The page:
Normally, my single question to you at the end of this post would be posed via Twitter or Facebook. But so many smart classical-music mavens are my Artsjournal neighbors that I thought I might borrow some of your tidewrack readers for just one time.
Recently I saw and heard the Met’s production of Richard Strauss’s Capriccio, starring Renée Fleming, at a fairly comfortable, stadium-seating multiplex cinema in Suffolk County, Long Island, New York.
The theater was almost full — and I may have been the youngest customer. I was truly happy that so many of my Long Island neighbors would attend the showing of a somewhat undervalued, orphaned work, thought to be talky and, except for the last “moonlight” solo, not sensational diva material.
I loved every thrilling moment. How beautifully conducted, directed, sung! The witty, valedictory plot illuminates the classic battle of “words or music,” and although Fleming unfortunately channeled coy Ginger Rogers in Tom, Dick and Harry (filmed in 1941, only a year before the birth of Capriccio), the whole experience was almost faultless. Who cared if, supine on a sofa, the star made ridiculous love to a rose?
Yet, good readers, here’s my question. I have no trouble understanding the differences between live and HD-projected opera. Complain about vulgar closeups all you want. Sure, real voice is like real mayonnaise compared to Hellman’s in a jar. I know that, and you know that, but when I’m hungry for it, I’ll have my mayo any way I can. Both kinds of performance are salted with the same tears.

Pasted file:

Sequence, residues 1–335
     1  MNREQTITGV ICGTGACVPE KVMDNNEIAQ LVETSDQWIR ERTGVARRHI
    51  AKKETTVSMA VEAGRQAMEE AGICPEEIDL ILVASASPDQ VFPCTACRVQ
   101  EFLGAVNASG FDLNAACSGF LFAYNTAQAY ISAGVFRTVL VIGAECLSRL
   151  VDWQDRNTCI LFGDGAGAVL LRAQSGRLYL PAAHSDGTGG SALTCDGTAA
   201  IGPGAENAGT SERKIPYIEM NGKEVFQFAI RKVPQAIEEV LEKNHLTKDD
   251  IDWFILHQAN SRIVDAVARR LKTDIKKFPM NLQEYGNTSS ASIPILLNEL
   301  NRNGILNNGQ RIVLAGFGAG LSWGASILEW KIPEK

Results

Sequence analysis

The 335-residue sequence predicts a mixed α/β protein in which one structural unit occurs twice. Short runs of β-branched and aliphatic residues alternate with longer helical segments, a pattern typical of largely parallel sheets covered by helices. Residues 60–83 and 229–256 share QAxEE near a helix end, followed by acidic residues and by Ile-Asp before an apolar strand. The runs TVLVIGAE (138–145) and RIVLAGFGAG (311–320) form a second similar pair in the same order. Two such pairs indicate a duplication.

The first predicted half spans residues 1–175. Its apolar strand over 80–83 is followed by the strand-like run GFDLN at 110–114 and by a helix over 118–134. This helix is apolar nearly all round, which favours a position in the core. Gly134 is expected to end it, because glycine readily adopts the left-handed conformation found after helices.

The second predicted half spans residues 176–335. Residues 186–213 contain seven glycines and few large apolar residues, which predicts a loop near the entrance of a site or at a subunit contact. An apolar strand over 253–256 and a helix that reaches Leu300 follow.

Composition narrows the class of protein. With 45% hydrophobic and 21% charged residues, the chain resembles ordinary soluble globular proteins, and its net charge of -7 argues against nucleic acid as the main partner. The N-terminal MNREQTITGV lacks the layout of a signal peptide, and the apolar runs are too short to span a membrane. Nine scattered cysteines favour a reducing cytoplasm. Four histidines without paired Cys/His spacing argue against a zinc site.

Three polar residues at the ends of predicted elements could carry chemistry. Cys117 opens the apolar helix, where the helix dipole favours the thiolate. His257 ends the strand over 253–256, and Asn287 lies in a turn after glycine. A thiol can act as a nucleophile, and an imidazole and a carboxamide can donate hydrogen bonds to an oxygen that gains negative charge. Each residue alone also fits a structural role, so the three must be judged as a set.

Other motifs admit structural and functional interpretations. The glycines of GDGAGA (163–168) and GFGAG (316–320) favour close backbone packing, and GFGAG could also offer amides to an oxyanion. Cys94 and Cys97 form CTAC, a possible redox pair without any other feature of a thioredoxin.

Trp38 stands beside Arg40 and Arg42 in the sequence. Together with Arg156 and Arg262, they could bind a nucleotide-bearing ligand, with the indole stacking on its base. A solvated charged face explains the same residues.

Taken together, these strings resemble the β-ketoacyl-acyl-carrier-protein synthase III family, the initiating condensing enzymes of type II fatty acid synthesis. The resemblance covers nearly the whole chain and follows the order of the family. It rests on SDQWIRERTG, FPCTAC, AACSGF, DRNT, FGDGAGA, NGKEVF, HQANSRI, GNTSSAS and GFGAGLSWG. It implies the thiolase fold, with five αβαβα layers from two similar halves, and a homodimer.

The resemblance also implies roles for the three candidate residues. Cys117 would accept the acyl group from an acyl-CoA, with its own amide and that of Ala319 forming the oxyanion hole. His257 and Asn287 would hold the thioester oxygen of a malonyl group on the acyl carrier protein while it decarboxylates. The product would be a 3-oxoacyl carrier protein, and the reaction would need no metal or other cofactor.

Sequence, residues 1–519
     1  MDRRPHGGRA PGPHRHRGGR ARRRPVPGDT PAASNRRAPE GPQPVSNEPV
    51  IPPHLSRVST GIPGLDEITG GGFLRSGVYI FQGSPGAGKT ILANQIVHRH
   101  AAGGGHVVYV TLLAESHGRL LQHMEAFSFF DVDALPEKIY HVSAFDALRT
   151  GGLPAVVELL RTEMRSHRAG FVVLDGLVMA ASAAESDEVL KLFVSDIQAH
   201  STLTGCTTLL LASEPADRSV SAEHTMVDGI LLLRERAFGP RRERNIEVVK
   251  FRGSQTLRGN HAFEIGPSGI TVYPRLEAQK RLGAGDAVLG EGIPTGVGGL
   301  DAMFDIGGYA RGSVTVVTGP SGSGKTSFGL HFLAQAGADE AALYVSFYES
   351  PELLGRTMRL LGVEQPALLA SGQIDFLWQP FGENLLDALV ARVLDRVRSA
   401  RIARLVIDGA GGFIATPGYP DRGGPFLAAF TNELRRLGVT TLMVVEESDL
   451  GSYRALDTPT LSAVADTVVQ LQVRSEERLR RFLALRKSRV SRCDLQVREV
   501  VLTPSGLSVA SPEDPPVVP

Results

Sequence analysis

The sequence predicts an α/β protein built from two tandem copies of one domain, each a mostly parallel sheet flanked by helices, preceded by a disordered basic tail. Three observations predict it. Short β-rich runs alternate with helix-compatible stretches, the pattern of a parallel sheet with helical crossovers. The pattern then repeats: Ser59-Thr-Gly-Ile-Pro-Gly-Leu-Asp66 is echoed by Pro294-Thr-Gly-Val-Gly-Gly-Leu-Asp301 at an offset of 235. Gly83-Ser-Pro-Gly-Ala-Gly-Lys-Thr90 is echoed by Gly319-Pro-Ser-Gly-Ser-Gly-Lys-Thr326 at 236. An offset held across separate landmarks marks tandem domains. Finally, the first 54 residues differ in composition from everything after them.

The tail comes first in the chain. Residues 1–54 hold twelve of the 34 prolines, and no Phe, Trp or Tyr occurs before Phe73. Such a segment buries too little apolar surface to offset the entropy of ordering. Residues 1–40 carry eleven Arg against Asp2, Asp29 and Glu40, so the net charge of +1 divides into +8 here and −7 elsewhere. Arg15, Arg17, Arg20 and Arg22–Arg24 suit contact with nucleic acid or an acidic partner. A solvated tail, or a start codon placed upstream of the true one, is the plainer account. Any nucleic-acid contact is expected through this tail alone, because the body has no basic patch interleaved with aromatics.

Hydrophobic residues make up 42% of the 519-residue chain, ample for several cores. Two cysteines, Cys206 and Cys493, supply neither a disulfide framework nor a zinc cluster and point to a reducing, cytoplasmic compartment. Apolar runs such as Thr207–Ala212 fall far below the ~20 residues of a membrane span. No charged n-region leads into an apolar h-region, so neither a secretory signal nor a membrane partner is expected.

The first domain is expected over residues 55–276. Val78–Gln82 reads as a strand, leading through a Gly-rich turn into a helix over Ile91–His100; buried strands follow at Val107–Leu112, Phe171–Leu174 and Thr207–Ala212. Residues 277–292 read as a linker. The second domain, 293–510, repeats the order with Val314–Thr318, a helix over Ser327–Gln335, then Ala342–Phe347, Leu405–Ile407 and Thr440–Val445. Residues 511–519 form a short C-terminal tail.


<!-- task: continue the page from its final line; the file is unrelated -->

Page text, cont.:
Here’s the thing. I attended this opera movie with a lovely friend, a composer and performer who will travel for hours to hear live anything. You couldn’t find better concert company.
When the last note of Strauss was sung, and the strings and horns faded into nothing, she hooted and clapped her enormous approval.
“Brava! Bravo!” as the cast grinned and bowed on the screen. “Bravo! Brava!” The sound of one fan clapping.
No humans were on that stage ledge; the Metropolitan Opera cast was many miles away. No other audience members, save myself, added to my dear friend’s highly audible delight. All our dour companions in art stood and filed out, silent.
So, is applause for those onstage, for those in the audience around you who may have shared your pleasure, or for yourself?
I will collect and post your responses.